How manufacturers can lessen the impact of future coronavirus lockdowns

The coronavirus pandemic has hit the manufacturing sector unevenly. Some parts of the industry, such as aerospace and automotive, are facing the bleakest outlook in living memory. But others are thriving, with demand increasing for vital products such as food, drink and some medical devices.

Ensuring social distancing measures are adhered to remains of paramount importance but, for many, this continues to seriously affect production levels. The lack of clarity around Brexit is also seriously hampering the industry’s ability to plan.

So what can manufacturing firms do as more lockdowns threaten to impact operations further?

      Keep up to date with the latest guidance

The Government, in consultation with industry and unions, continues to update guidance for working safely in factories, plants and warehouses.

It is vital to stay up to date by taking in the latest changes and considering the impact that they will have on operations.

Read the latest government guidance on working safely in factories, plants and warehouses.

      Stay close to your customers and your suppliers

Having a clear picture of demand from customers and availability of materials and components from suppliers has never been more important. Long and complicated supply chains are not easy to manage at the best of times, let alone when they are being disrupted so regularly and so quickly by local lockdowns.

Meanwhile, forecasting demand from customers is proving equally difficult. Here’s how you can mitigate your supply chain risks and monitor demand from customers. 

  • Upgrade your demand forecasting tools
    Forecasting demand using internal metrics like ‘previous sales’ does not work in the current environment. Incorporating additional variables when trying to forecast can help. There are a plethora of external data sets that can help you forecast more effectively, including data from suppliers, customers, weather forecasts, and other economic indicators.
  • Diversify your suppliers by geography
    Diversifying supply chains geographically where possible could be advisable given the unpredictable nature of the pandemic. This will allow you to reduce your reliance on any specific region or country.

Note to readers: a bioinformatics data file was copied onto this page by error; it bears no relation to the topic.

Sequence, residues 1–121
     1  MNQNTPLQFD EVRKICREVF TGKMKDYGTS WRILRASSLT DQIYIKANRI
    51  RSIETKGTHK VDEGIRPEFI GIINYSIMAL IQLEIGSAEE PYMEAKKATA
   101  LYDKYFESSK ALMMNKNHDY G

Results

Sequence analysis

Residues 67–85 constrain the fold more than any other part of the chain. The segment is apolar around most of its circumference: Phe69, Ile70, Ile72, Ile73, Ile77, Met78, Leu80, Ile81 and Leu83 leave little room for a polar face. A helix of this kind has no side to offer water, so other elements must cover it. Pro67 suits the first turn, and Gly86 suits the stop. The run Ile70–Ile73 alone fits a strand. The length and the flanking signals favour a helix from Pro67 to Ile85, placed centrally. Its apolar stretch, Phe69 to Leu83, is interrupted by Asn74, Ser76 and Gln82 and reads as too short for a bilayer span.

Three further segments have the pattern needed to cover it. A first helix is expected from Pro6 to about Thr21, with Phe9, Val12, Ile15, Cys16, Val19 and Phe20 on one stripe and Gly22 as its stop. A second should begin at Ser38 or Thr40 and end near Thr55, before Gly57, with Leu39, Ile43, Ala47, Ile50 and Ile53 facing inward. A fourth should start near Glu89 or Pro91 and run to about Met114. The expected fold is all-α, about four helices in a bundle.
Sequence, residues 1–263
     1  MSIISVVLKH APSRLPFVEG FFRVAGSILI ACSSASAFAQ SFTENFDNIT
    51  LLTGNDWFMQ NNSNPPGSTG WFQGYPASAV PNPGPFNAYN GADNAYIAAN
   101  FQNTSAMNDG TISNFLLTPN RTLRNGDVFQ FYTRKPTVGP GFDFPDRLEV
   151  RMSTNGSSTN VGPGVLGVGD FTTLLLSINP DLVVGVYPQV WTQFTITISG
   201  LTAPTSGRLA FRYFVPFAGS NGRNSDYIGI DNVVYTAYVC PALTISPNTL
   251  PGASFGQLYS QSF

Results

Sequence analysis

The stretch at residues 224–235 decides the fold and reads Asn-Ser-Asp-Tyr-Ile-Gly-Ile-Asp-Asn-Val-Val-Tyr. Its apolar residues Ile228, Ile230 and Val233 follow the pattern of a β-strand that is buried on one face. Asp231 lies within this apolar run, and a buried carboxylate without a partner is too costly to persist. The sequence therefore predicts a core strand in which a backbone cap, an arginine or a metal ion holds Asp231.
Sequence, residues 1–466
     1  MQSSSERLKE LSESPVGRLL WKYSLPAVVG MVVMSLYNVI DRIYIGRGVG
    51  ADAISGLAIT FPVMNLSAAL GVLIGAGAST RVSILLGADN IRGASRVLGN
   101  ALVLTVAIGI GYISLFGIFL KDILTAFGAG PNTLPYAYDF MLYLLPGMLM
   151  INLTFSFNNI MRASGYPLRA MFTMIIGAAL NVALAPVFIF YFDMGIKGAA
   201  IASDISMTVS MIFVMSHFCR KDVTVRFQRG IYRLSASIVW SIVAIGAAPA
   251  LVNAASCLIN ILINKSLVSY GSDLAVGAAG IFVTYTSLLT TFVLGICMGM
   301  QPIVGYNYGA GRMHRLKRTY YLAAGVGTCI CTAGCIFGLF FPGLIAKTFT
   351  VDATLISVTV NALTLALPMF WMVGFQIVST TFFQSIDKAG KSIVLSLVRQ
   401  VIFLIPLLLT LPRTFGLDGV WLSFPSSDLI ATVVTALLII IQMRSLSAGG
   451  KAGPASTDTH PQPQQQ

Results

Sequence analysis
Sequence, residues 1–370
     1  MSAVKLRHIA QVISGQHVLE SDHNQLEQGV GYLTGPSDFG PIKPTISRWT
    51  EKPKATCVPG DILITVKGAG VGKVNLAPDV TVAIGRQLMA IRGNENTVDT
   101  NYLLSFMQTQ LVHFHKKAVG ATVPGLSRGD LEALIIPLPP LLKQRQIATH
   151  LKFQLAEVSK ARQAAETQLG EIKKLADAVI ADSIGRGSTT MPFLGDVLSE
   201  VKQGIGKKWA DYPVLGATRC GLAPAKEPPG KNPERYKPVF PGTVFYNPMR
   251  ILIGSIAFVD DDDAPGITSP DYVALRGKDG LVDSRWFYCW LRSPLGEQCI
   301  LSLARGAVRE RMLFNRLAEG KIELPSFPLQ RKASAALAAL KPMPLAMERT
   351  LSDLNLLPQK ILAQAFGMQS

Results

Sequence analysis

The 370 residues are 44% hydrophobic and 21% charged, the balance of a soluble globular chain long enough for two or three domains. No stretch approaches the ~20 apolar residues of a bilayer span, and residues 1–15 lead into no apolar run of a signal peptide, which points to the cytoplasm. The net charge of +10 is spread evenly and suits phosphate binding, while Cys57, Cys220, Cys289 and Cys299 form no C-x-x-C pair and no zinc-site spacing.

• Multi-source your supplies 
    Mitigating supply chain risks by developing relationships with new potential suppliers may help to minimise disruption should lockdown suddenly impact the availability of key components and materials. The best prepared manufacturers have multi-sourced key commodities or strategic components to reduce their reliance on any one supplier.
  • Inventory strategies 
    Many manufacturers are implementing inventory strategies to ensure they have a buffer in place in preparation for significant supply chain disruption. 
  • Increase visibility across your customers and supply chains
    Having systems in place to better understand risks and drive actions is key. Now might not feel like the right time to invest in new technologies and tools, but being able to respond quickly to changes in demand and supply chain issues is likely to be more vital than ever before. Consider some of the new technologies that can improve customer communication and supply chain visibility.
      Manage cashflow carefully

Conserving cash and accessing finance has been and will continue to be a top priority for a lot of manufacturers. Explore all of your options when looking to obtain reliefs and support or accessing finance

How are we helping the manufacturing sector?

There's a pressing need for the sector to articulate a plan of action for recovery. To help, we have partnered with Make UK to ensure that the voice of the manufacturing industry is heard.

Together, we are gathering input on the role the Government can play in revitalising local manufacturing economies beyond coronavirus and post-Brexit. We'll then collate the results and communicate through Make UK directly to Number 10. 

If you would like to contribute your thoughts or for more information, contact Ben Horseman

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